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U.S. takes Georgian troops home from Iraq

Aug. 11, 2008 - 05:30AM   |   Last Updated: Aug. 11, 2008 - 05:30AM  |  
Georgian soldiers are seen after returning home from Iraq on Aug. 11. The U.S. started flying some 2,000 Georgian troops home from Iraq on Aug. 10. Russian armored vehicles rolled deep into western Georgia on Aug. 11, quickly taking control of several towns and a military base.
Georgian soldiers are seen after returning home from Iraq on Aug. 11. The U.S. started flying some 2,000 Georgian troops home from Iraq on Aug. 10. Russian armored vehicles rolled deep into western Georgia on Aug. 11, quickly taking control of several towns and a military base. (Shakh Aivazov / The Associated Press)
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The U.S. Air Force brought all 2,000 Georgian troops home from Iraq aboard C-17 Globemasters Sunday and Monday after the Georgian government recalled the troops to combat the advance of Russian troops into the country, said Lt. Gen. Gary North, commander of U.S. Air Forces Central.

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The U.S. Air Force brought all 2,000 Georgian troops home from Iraq aboard C-17 Globemasters Sunday and Monday after the Georgian government recalled the troops to combat the advance of Russian troops into the country, said Lt. Gen. Gary North, commander of U.S. Air Forces Central.

Sixteen C-17 flights had shuttled Georgian troops and supplies from Iraq back to Georgia as of 9 a.m. EST on Monday, North said. The Georgian government on Friday requested the U.S. Air Force's aid in bringing its troops home, he said.

"This is just another example of the flexibility of airpower," he told Air Force Times. "I'm real proud of the ability of our airmen to orchestrate a movement such as this."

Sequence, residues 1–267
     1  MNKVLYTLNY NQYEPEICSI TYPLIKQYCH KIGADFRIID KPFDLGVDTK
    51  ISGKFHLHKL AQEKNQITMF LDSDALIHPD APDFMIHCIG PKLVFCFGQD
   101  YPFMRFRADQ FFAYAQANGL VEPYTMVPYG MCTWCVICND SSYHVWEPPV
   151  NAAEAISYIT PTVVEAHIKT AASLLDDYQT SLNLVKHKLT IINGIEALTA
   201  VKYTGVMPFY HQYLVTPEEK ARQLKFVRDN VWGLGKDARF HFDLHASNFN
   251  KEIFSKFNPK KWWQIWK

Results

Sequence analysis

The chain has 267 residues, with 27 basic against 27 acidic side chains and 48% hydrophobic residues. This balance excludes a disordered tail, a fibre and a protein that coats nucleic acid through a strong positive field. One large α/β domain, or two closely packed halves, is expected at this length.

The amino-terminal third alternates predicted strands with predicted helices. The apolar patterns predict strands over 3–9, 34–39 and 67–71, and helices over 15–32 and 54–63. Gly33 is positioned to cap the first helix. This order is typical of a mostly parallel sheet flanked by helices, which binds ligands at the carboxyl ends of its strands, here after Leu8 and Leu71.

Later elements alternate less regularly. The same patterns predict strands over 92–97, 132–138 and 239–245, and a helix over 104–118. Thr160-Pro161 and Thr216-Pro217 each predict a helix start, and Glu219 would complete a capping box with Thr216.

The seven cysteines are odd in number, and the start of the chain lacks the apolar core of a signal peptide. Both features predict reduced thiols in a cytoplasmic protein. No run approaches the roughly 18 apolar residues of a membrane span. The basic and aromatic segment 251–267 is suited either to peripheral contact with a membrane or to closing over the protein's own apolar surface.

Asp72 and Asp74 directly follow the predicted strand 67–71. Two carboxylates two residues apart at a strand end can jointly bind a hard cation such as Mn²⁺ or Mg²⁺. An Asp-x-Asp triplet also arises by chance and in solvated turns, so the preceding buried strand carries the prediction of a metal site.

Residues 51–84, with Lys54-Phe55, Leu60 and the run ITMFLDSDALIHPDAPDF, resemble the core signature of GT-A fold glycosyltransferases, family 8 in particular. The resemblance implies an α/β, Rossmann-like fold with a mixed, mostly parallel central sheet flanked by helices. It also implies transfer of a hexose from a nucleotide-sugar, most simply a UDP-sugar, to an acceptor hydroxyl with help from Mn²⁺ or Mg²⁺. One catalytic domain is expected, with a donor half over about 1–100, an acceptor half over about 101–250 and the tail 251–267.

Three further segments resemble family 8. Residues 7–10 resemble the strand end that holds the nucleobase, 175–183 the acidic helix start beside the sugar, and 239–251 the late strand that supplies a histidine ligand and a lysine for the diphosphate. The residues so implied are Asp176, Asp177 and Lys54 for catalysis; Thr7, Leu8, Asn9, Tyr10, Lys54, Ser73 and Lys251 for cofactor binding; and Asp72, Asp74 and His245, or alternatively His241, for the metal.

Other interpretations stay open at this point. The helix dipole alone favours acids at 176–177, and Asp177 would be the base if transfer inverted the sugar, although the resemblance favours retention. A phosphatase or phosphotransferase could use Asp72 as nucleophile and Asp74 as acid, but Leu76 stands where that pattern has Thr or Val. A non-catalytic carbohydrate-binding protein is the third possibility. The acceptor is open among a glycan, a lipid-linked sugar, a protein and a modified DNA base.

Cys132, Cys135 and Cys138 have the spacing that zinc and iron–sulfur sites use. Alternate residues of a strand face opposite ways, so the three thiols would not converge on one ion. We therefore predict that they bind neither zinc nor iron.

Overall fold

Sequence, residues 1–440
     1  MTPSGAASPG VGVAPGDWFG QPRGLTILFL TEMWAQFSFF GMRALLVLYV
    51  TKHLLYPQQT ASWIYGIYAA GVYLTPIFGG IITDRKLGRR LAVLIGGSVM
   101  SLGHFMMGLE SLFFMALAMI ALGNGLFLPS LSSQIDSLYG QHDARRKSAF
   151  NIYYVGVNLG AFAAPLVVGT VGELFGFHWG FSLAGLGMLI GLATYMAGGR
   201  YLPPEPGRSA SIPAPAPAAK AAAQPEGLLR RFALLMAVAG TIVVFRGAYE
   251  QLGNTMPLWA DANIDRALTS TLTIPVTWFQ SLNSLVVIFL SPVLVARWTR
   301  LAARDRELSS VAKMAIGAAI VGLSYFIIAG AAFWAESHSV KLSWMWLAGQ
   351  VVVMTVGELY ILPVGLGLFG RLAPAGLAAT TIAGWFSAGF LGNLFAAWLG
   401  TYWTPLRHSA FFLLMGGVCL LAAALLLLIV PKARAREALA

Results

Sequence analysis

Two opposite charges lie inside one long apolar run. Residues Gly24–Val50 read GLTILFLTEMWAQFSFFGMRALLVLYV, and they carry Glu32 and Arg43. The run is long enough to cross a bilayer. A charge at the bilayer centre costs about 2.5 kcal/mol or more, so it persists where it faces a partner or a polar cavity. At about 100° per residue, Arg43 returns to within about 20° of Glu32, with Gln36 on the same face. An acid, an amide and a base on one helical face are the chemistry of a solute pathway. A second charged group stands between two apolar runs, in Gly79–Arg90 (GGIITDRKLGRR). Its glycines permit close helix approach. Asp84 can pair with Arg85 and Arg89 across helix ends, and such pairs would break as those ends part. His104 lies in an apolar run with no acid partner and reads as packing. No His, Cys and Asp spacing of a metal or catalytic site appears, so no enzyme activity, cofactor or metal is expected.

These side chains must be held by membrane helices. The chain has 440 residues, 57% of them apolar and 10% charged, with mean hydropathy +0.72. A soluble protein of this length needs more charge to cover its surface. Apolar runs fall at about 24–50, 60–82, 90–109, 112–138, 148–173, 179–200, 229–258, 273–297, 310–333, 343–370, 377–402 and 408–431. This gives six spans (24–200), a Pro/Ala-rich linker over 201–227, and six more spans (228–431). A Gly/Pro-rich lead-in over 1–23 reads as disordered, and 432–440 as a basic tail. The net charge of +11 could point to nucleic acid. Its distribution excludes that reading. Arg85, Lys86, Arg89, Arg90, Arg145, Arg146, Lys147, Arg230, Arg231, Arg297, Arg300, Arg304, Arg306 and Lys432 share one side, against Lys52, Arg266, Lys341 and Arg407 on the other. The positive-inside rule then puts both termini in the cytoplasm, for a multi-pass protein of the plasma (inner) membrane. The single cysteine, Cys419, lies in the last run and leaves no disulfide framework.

Pentagon officials would not say where the C-17s dropped off the Georgian troops or if they entered Georgian airspace, but Associated Press photos show the Georgian troops disembarking in Tblisi, Georgia's capital.

Russian bombers earlier destroyed an air base outside Tbilisi and the ongoing battle between Russian and Georgian troops has obliterated much of the breakaway province of South Ossetia.

Georgia's troop contingent in Iraq represented the third largest foreign force in the U.S. coalition. The Georgians were deployed to southeastern Iraq, along the Iranian border. Five Georgian troops have died in Iraq since 2003.

"We are supporting the Georgian military units that are in Iraq in their redeployment to Georgia so that they can support requirements there during the current security situation," said Col. Jerry O'Hara, a U.S. military spokesman in Baghdad, on Sunday. "Flights have in fact begun today and Georgian forces are redeploying."

Russia's Prime Minister Vladimir Putin condemned the airlift on Monday at a Russian cabinet meeting.

"It's a pity that some of our partners, instead of helping, are in fact trying to get in the way," he said. "I mean among other things the United States airlifting Georgia's military contingent from Iraq effectively into the conflict zone."

The Associated Press contributed to this report.

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Spokesman: U.S. can accommodate Georgia pullout

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